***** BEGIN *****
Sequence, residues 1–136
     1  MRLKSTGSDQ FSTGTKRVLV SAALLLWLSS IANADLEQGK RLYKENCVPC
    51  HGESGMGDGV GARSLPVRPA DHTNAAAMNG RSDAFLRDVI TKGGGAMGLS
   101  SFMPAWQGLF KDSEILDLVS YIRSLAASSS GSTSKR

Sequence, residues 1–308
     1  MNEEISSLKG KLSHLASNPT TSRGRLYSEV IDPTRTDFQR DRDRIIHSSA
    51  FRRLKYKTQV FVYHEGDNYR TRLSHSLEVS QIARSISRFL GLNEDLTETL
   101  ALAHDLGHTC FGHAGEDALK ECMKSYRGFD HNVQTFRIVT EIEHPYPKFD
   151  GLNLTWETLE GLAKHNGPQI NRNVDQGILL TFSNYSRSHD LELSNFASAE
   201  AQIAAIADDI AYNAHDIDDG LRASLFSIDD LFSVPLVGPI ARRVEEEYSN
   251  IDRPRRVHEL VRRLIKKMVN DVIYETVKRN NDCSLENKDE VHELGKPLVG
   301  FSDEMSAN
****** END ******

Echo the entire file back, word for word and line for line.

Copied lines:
Sequence, residues 1–136
     1  MRLKSTGSDQ FSTGTKRVLV SAALLLWLSS IANADLEQGK RLYKENCVPC
    51  HGESGMGDGV GARSLPVRPA DHTNAAAMNG RSDAFLRDVI TKGGGAMGLS
   101  SFMPAWQGLF KDSEILDLVS YIRSLAASSS GSTSKR

Sequence, residues 1–308
     1  MNEEISSLKG KLSHLASNPT TSRGRLYSEV IDPTRTDFQR DRDRIIHSSA
    51  FRRLKYKTQV FVYHEGDNYR TRLSHSLEVS QIARSISRFL GLNEDLTETL
   101  ALAHDLGHTC FGHAGEDALK ECMKSYRGFD HNVQTFRIVT EIEHPYPKFD
   151  GLNLTWETLE GLAKHNGPQI NRNVDQGILL TFSNYSRSHD LELSNFASAE
   201  AQIAAIADDI AYNAHDIDDG LRASLFSIDD LFSVPLVGPI ARRVEEEYSN
   251  IDRPRRVHEL VRRLIKKMVN DVIYETVKRN NDCSLENKDE VHELGKPLVG
   301  FSDEMSAN